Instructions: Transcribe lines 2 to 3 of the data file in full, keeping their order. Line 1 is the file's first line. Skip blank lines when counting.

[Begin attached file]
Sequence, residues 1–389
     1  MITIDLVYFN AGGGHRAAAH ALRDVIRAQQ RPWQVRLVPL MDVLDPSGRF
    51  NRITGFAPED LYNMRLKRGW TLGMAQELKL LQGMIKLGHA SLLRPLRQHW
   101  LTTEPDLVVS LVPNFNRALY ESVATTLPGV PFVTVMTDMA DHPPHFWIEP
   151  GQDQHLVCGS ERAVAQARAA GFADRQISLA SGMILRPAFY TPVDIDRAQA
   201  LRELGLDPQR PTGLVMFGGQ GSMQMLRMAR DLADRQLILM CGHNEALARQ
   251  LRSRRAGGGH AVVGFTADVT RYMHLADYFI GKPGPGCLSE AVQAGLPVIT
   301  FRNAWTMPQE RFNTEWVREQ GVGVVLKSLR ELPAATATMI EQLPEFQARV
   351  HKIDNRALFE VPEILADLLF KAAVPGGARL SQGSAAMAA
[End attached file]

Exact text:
     1  MITIDLVYFN AGGGHRAAAH ALRDVIRAQQ RPWQVRLVPL MDVLDPSGRF
    51  NRITGFAPED LYNMRLKRGW TLGMAQELKL LQGMIKLGHA SLLRPLRQHW